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Lotus Sports Cars

Lotus Elite

The world’s first -- and so far only -- car with unit fiberglass construction, the Lotus Elite proved as delicate as it looked.

The Lotus Elite was Anthony Colin Bruce Chapman's first road design following the production of several sports-racing cars. Chapman earned fame in his native England with a series of early-50s racing “specials,” then set up a small company called Lotus to produce small numbers of sports-racing cars to his design. Before long, however, his ambitions turned to road cars, and in 1957 he announced the sleek Elite coupe as his first. Though displayed at that year’s London Motor Show, it wasn’t fully developed, so customer deliveries didn’t begin until 1959.

The Elite was not only the first practical roadgoing Lotus but the world’s first production car with unitized fiberglass construction, with no more than a tiny amount of steel stiffening. (This compares with the Chevrolet Corvette, which uses a fiberglass body on a separate steel frame.) Chapman, who liked his cars as light as possible, thought this the ideal way to save weight without compromising structural rigidity. It also seemed the most affordable approach. A separate chassis was old hat, he felt, while a monocoque would have been too costly if built in steel.


Though beautiful and a real image-booster, the Elite was not a corporate success. It was unrefined and unreliable in many ways, which hindered sales, while production costs proved higher than expected, so it never made any money. Worse, the fiberglass monocoque proved such a difficult construction job that Lotus had to switch suppliers in midstream, the later, higher-quality shells coming from a subsidiary of Bristol Aeroplane Company. Nevertheless, this was valuable production experience that would stand Lotus in good stead when it turned to the altogether more practical Elan in the early Sixties.

And despite its problems, the Elite was a technical marvel. The monocoque was extremely light, as was the engine, an all-aluminum overhead-cam four supplied by Coventry-Climax. Chapman had persuaded C-C to productionize its FWA racing engine, which it enlarged into the torquier FWE unit for the Elite (hence the different end initial).

The Lotus Elite was a joy to drive when things were working right, though that was seldom. The small cockpit featured a no-nonsense dash.

Independent front suspension and all-disc brakes were expected, but ACBC had devised a simple and effective irs that he cheekily called “Chapman strut” suspension. It was simply a modified MacPherson-strut layout transplanted to the rear, but it fit perfectly with the layout and concept of this lean and lovely coupe. Like sports-racing Lotuses, the Elite had soft springs and relatively firm shock absorbers for a comfortable ride with truly excellent grip and handling balance.

The result of all this was a car that weighed half as much as a Jaguar XK140 but was almost as fast and far more economical, thus further confirming Chapman’s weight-saving design philosophy. Low aerodynamic drag further aided both performance and fuel efficiency, while road manners were responsive -- quite feline, in fact.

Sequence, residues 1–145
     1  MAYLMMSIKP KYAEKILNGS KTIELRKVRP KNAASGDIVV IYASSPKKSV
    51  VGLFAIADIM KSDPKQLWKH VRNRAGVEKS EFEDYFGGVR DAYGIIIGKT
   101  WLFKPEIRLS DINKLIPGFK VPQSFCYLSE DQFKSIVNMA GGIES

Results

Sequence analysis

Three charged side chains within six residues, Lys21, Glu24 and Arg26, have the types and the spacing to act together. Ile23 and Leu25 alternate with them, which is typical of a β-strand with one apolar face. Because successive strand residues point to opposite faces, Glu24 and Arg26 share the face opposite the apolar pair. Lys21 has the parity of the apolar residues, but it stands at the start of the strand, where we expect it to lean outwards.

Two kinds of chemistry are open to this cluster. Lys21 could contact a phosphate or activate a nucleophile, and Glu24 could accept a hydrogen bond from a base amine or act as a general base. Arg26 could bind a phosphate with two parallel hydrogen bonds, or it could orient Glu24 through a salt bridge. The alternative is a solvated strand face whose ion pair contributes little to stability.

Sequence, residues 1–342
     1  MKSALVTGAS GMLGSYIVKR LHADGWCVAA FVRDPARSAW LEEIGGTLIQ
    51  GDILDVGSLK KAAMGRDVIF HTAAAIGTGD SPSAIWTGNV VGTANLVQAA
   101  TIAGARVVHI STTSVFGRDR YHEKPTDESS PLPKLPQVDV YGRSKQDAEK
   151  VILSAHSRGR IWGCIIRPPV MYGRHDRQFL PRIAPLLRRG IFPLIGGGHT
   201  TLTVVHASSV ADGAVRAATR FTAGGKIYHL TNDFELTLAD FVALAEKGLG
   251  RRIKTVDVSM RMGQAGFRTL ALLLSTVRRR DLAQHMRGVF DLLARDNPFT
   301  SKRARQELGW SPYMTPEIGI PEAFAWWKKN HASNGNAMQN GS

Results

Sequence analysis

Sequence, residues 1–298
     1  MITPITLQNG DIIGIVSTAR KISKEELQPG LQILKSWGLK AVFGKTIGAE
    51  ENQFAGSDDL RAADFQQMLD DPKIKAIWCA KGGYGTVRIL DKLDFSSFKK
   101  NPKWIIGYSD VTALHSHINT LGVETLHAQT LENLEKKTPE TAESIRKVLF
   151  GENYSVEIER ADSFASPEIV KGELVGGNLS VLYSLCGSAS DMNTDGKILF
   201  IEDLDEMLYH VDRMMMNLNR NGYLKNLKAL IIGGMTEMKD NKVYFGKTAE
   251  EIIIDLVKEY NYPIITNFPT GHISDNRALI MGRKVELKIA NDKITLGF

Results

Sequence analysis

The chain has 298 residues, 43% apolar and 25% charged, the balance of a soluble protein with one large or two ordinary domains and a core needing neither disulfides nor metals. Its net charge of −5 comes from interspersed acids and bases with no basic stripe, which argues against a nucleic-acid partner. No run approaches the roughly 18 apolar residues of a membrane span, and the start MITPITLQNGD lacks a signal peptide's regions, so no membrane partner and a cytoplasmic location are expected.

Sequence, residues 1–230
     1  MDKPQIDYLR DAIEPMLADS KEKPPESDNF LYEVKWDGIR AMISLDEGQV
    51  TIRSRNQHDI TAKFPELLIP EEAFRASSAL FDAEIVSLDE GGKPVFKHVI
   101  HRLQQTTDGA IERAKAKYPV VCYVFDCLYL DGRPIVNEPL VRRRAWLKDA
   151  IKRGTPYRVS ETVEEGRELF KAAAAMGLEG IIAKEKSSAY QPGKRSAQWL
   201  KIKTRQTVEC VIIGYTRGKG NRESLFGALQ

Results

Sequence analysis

But refinement -- that is, the lack thereof -- was the Elite’s downfall. With all running gear bolted directly to the main structure, and given the superior noise-transmission properties of fiberglass versus steel, too much mechanical and road ruckus found their way into the cockpit, making the Elite tiring as an everyday car. Also, the barrel-section doors precluded drop-down windows, so occupants either had to swelter in warm weather or remove the windows completely. And with a wheelbase of just 88.2 inches, cockpit room was limited for larger folks, a literal shortcoming that would characterize future Lotuses.

Finally, there was poor workmanship, another failing that would persist far into Lotus’s future. The Elite was designed, and largely built, as a kit to take advantage of British tax laws that levied a heavier surcharge on assembled cars. Yet even factory-built Elites were rather fragile, especially in America’s more demanding driving conditions. This and the U.S. importer’s financial problems and subsequent upheaval did nothing for sales or Lotus’s reputation here, especially since the Stateside price was a lofty $4780 POE.

Yet when all was in order, the Elite was a magnificent driving machine: quick, smooth-riding, amazingly obedient. And it became even better. Series II cars, produced beginning in 1960, had revised rear suspension and a ZF gearbox, while a few later examples were built as “Super 95” and “Super 105” models with more powerful C-C engines. Still, the last Elite was essentially the same as the first.

Alas, demand evaporated once the Elan was revealed in 1962, and a tentative proposal to continue the Elite with the new Lotus-Ford twincam engine was abandoned.

But the Elite was certainly an auspicious beginning for a small company entering the production-car lists. More than that, it was a modern milestone that was even recognized as such in its own time. Colin Chapman had done well indeed.

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